If either one of you is covered by a plan at work, however, the deduction may be reduced or eliminated. Here's the full rundown of IRA deduction limits for 2023:
|2023 Traditional IRA Deduction Limits|
|If your filing status is…||And your 2023 Modified AGI is...||Then you can take…|
|Single, head of household, qualifying widow(er), married filing jointly or separately and neither spouse is covered by a plan at work||Any amount||A full deduction up to the amount of your contribution limit|
|Married filing jointly or qualifying widow(er) and you're covered by a plan at work||$116,000 or less.||A full deduction up to the amount of your contribution limit|
|Between $116,000 and $136,000||A partial deduction|
|$136,000 or more.||No deduction|
|Married filing jointly and your spouse is covered by a plan at work||$218,000 or less.||A full deduction up to the amount of your contribution limit|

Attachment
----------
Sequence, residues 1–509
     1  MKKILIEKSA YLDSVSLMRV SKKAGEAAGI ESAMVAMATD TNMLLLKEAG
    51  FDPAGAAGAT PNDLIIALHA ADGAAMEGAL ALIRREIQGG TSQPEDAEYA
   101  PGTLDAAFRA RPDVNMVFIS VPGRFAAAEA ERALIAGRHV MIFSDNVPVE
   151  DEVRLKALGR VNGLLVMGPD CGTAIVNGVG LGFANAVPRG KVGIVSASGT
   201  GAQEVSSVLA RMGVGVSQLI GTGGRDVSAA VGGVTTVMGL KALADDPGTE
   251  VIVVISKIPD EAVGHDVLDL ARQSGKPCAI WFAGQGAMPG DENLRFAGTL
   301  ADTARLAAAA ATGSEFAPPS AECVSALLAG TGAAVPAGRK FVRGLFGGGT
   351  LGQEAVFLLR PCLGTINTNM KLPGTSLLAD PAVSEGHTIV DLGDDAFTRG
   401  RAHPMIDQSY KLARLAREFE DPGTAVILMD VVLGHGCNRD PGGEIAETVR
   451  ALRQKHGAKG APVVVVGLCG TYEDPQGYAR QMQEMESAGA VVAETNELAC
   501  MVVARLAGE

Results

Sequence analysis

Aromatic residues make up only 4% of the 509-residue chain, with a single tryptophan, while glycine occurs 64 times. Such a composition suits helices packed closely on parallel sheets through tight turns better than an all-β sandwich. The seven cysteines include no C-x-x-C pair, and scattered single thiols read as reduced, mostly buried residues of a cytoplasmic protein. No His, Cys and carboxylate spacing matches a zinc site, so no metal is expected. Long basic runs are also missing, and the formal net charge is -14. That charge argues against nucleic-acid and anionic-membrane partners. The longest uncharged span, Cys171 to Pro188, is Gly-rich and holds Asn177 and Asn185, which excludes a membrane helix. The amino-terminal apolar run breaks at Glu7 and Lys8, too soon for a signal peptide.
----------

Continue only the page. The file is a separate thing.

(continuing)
|Between $218,000 and $228,000.||A partial deduction|
|More than $228,000.||No deduction|
|Single or head of household and you're covered by a plan at work||$73,000 or less.||A full deduction up to the amount of your contribution limit|
|Between $73,000 and $83,000.||A partial deduction|
|More than $83,000.||No deduction|
|Married filing separately and either spouse is covered by a plan at work||Less than $10,000.||A partial deduction|
|$10,000 or more.||No deduction|
Modified Adjusted Gross Income (MAGI)
The IRS uses your MAGI when it comes to IRA limits. This number can be close (or identical) to your adjusted gross income (AGI). It takes your AGI and adds back certain deductions, including:
- Half of any self-employment taxes
- IRA contributions and Social Security